Finally, two sensors on the controller monitor the lighting environment so the controller responds appropriately. A photocell connected to one of the mbed's analog inputs measures the ambient room light, so if the room is dark, the lights are shut off. A PIR (Pyroelectric InfraRed) motion sensor, however, “wakes up" the lights if motion is detected, making the system useful a night light.


Figure 4 - a) System Board, b) With Display Attached

The heart of the system, of course, is the mbed development board, based on the NXP LPC 1768 MCU. The rich set of on-board peripherals, timers, interfaces and memory all find use in this project.

The LCD display is an Epson LCD originally manufactured for Nokia 6100 series phones. Because of the tremendous volumes phones are manufactured in, these displays are now relatively inexpensive. This display comes mounted on a breakout board from SparkFun electronics. The breakout board simplifies the physical assembly and provides some additional circuitry for powering the display's backlight.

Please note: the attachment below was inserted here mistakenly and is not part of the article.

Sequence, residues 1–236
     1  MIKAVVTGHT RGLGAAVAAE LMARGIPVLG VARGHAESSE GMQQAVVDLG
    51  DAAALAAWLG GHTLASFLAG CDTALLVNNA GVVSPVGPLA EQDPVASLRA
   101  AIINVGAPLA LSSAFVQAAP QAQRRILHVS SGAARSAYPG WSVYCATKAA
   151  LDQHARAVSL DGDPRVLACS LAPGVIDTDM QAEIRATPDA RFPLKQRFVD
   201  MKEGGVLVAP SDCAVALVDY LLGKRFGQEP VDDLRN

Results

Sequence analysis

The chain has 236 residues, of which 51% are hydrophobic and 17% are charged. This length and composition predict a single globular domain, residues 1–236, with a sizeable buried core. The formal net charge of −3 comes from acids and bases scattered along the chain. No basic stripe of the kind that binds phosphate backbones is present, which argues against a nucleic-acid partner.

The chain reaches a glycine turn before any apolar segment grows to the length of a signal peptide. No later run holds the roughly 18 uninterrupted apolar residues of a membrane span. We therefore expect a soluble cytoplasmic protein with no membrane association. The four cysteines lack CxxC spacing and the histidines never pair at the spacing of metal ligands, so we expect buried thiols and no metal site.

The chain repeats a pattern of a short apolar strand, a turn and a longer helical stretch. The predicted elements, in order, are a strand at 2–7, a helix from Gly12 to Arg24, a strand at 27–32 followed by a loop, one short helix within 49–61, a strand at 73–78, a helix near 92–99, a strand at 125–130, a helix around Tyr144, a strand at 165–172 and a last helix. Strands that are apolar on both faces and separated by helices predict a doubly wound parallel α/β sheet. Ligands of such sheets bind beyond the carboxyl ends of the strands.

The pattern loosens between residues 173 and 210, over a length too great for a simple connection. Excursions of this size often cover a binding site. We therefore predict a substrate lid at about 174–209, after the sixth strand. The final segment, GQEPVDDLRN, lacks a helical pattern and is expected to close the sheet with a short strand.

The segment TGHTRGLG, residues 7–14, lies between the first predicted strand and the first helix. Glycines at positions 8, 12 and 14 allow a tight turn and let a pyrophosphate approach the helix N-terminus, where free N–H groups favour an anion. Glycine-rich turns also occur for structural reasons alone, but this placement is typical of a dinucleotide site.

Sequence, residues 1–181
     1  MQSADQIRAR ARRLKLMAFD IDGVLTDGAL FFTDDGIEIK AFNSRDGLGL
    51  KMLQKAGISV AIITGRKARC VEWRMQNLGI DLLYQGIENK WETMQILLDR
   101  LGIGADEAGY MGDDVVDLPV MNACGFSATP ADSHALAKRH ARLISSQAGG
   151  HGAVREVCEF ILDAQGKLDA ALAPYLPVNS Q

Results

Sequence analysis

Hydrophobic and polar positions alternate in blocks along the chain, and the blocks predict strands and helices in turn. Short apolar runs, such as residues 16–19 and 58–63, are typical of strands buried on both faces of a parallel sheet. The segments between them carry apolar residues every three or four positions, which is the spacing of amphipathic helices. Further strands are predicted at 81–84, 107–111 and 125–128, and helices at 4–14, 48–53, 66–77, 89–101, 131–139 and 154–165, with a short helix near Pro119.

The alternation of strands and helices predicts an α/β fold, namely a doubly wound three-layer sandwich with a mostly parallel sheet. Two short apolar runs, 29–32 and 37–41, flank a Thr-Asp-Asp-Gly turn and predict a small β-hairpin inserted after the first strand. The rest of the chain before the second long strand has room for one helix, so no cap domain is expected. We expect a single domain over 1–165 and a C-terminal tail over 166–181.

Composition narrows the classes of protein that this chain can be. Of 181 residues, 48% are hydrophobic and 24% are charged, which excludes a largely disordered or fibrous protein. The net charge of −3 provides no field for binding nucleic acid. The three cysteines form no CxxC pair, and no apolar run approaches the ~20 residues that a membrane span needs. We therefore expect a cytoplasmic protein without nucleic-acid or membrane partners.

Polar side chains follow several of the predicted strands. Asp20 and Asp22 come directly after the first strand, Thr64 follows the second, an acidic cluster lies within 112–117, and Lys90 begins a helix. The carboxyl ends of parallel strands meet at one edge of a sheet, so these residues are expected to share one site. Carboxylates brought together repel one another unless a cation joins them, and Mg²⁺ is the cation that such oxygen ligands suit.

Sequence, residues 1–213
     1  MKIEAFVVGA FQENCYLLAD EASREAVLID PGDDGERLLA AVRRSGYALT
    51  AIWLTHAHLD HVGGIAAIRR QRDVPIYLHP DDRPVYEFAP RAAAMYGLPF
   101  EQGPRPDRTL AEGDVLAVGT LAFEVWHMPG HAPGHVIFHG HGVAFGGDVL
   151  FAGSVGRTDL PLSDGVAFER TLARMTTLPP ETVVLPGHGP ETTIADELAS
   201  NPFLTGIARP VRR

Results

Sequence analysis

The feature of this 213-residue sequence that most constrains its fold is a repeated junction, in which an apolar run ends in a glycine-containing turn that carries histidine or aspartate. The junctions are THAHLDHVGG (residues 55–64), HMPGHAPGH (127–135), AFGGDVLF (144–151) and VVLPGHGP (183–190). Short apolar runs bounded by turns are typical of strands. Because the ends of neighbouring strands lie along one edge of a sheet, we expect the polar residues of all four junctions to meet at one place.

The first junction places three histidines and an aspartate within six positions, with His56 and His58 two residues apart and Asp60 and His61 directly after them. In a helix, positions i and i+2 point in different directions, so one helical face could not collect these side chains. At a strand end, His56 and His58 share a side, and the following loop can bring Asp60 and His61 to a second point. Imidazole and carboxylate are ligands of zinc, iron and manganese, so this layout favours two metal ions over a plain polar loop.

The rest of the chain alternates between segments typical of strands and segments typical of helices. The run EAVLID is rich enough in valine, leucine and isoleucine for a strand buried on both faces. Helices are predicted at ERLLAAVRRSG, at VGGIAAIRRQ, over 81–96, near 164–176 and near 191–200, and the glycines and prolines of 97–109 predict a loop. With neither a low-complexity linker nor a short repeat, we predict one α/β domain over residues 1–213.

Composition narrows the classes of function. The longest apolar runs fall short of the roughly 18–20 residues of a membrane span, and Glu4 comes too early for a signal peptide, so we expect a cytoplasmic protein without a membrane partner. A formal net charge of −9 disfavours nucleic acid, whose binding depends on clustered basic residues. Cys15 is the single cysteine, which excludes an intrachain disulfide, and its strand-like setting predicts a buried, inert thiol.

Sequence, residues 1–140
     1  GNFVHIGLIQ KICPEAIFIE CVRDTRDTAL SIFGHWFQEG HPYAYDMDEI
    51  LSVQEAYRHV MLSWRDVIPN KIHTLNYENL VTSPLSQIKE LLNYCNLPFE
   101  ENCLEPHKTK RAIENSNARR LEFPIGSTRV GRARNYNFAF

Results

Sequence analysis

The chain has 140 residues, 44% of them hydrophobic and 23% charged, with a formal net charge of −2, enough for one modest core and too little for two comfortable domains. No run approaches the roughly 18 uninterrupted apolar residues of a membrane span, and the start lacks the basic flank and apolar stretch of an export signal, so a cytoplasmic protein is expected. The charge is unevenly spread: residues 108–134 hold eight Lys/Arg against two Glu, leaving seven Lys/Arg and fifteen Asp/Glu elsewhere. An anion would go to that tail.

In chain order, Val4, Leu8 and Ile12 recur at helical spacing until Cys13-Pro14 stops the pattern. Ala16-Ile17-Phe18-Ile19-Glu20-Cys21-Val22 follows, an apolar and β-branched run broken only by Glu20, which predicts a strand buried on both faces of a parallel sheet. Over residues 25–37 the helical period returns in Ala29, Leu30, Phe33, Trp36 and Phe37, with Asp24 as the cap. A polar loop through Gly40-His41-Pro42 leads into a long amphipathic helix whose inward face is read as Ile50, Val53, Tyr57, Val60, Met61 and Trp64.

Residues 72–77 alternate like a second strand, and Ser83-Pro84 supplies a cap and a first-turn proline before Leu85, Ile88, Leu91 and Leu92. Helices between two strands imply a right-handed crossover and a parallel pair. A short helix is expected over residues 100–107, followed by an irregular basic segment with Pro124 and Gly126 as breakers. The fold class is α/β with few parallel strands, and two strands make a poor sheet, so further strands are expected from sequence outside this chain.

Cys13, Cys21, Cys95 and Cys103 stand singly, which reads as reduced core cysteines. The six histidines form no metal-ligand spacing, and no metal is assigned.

The display communicates with the MCU via an SPI interface using mbed pins 11 and 13, pin 14 is used to drive the display's CS (Chip Select) line (note the display is a “write only" device). The SparkFun breakout board has some additional peripherals including an RGB LED and two pushbutton switches. These are interfaced to the mbed, via GPIO lines. Although the current system doesn't use these, they may become useful as the software design evolves, so it made sense to wire them up.

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  • 1 × mbed mbed Development board
  • 1 × PIR - Zilog ZEPIR0AAS01SBCG Optoelectronics / Misc. Optoelectronic Components
  • 1 × Rotary Encoder Knobs are the best controllers.
  • 1 × TXB0104 Level Shifter Relaly handy part for hooking up 3.3v and 5v parts together
  • 1 × SD Card Socket Removable SD Card ised used to store patterns and animations

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  • 1
    Step 1

    Just some quick build notes:  The PCB layout was designed specifically to fit the Sparkfun WIG-08601 case.  I choose the knob (Sparkfun, COM-10001) because it's tall enough to extend past the top of the case from the PCB.

    The remaining issue was coming up with the cut-outs.  There's an opening on the bottom of the case, so USB and Power are there.  This works well with wall mounting, since power and your computer are likely below the level of the controller.